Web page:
Scouts don’t get discouraged when life throws a curveball. They get creative.
When Aaditya Gulati realized his troop couldn’t give its longtime Scoutmaster a more traditional send-off at a court of honor or special going-away party, the Life Scout devised another way. And he did so while maintaining social distancing guidelines designed to keep us safe.
The young man from Troop 125 of Fremont, Calif. (San Francisco Bay Area Council), planned a drive-by parade for Scoutmaster Craig Cooper, who is retiring and moving to Philadelphia to be closer to his wife.
Aaditya rallied more than 100 Scouts and their families to drive by Mr. Cooper’s house. They honked their horns, waved and saluted. Many held signs, including one that read, “Mister Cooper, the incredible T125 Boy Scout leader. We will miss you!”
Aaditya says his Scoutmaster, who served Troop 125 for more than 20 years, “treated the troop like his family.”
“On my track to Eagle, he has been an amazing mentor, and I couldn’t have asked for anyone better,” Aaditya says.
A Scouting hero
Aaditya could tell from his first day in Troop 125 that Mr. Cooper would be a positive influence on him.
Like all great Scoutmasters, Mr. Cooper put the youth in front. He allowed the Scouts to lead — and, yes, even to fail — all while keeping everyone “safe, healthy and always having fun,” Aaditya says. “He has inspired us all to make a positive contribution to this world.”
When Aaditya learned that Mr. Cooper was moving across the country, Aaditya (with his parents copied) began emailing leaders in his troop to share his idea for a special send-off.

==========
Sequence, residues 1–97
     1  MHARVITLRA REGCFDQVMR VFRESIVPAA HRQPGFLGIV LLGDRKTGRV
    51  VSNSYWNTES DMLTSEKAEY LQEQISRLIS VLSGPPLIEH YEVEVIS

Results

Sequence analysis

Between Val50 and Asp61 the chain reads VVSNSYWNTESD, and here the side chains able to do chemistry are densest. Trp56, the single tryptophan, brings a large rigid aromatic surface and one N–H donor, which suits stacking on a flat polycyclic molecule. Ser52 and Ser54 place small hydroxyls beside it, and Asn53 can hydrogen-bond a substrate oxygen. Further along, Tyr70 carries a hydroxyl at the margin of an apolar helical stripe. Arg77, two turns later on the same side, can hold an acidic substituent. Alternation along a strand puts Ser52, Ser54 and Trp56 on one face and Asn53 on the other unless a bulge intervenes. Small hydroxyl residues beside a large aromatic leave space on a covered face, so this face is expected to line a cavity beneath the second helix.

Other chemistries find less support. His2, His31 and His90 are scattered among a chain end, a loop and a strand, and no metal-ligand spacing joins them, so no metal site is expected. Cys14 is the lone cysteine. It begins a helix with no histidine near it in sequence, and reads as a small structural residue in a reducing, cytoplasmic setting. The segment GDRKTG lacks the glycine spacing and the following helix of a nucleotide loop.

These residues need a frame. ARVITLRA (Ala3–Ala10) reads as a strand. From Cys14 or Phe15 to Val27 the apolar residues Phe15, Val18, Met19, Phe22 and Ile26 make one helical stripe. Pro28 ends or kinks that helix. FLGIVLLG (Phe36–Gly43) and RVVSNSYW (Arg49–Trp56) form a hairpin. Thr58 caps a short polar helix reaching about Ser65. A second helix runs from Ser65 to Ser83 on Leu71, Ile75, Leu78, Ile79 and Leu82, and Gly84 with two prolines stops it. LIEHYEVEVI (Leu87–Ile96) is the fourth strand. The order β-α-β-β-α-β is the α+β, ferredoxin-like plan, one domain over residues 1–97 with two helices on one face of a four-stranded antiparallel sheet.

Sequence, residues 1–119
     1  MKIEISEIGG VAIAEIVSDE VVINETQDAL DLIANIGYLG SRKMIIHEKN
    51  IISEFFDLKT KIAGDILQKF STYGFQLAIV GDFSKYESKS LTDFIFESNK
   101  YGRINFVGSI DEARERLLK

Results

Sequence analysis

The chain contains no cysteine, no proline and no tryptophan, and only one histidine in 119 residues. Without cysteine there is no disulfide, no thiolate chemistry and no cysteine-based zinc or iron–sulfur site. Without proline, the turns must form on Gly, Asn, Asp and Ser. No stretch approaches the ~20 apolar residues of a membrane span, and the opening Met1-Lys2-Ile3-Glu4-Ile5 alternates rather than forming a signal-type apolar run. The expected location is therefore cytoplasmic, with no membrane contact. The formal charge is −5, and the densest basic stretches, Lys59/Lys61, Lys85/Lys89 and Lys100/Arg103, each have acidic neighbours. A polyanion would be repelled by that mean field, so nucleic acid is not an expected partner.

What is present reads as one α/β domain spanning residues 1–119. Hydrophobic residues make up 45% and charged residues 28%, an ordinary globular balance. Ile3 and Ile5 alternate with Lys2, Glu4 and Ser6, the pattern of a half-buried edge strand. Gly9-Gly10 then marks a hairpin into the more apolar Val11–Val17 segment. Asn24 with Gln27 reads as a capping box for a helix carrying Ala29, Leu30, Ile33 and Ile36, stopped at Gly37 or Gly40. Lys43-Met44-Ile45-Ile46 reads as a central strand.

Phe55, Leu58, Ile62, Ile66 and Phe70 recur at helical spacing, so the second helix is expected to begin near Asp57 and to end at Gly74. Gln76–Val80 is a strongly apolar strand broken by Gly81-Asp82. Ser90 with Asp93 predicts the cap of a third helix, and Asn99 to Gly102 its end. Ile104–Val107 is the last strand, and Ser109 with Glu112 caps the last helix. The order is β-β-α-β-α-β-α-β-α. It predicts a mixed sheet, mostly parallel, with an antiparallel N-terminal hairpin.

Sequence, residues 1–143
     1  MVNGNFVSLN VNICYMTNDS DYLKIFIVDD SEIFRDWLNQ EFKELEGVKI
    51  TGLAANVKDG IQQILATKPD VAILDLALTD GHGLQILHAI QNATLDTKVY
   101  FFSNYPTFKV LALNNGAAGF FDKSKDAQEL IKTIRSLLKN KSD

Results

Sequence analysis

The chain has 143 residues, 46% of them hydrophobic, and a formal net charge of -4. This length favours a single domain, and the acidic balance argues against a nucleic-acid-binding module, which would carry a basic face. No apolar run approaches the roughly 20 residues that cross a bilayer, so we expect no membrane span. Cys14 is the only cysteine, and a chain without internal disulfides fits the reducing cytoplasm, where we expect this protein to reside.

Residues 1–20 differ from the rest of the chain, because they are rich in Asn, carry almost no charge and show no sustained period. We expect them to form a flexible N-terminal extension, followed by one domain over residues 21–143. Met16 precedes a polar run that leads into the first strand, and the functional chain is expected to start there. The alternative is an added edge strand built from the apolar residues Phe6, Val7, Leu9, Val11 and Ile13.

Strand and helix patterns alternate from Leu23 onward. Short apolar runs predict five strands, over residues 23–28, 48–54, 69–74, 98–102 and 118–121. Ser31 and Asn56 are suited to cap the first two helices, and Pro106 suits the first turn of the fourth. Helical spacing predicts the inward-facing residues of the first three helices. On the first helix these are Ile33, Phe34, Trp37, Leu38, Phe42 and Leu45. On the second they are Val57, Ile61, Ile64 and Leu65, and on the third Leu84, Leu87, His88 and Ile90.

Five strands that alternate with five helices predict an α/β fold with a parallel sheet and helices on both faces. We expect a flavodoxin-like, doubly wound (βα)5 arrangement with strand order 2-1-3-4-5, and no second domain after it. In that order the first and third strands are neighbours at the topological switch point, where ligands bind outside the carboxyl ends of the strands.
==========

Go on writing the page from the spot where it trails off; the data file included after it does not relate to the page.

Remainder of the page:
A parade of cars
After days of planning, the big moment arrives. Mr. Cooper emerges from his house and stands in the driveway. Someone points to a line of headlights approaching in the distance and tells Mr. Cooper, “that’s for you.”
Mr. Cooper stands on the sidewalk, hands on his hips and mouth open in disbelief.
First he sees a truck with a U.S. and Troop 125 flag waving from its bed. It’s followed by a car with its windows down as the passengers wave and cheer. There’s another car behind it. And another. The line stretches far into the distance — each vehicle full of Scouts and their family members wanting to express their gratitude.
“Thank you so much,” Mr. Cooper shouts at one car. He’s smiling and blinking back tears. That smile doesn’t leave his face as the parade continues for a solid five minutes.
During these uncertain times, this tribute makes one thing certain: Leaders like Craig Cooper make a huge difference in the lives of young people.
Consider this your daily reminder that what you do as Scout leaders really matters.
“The drive-by thank you was so meaningful to him,” Aaditya says, “and to all the Scouts who will deeply miss him.”
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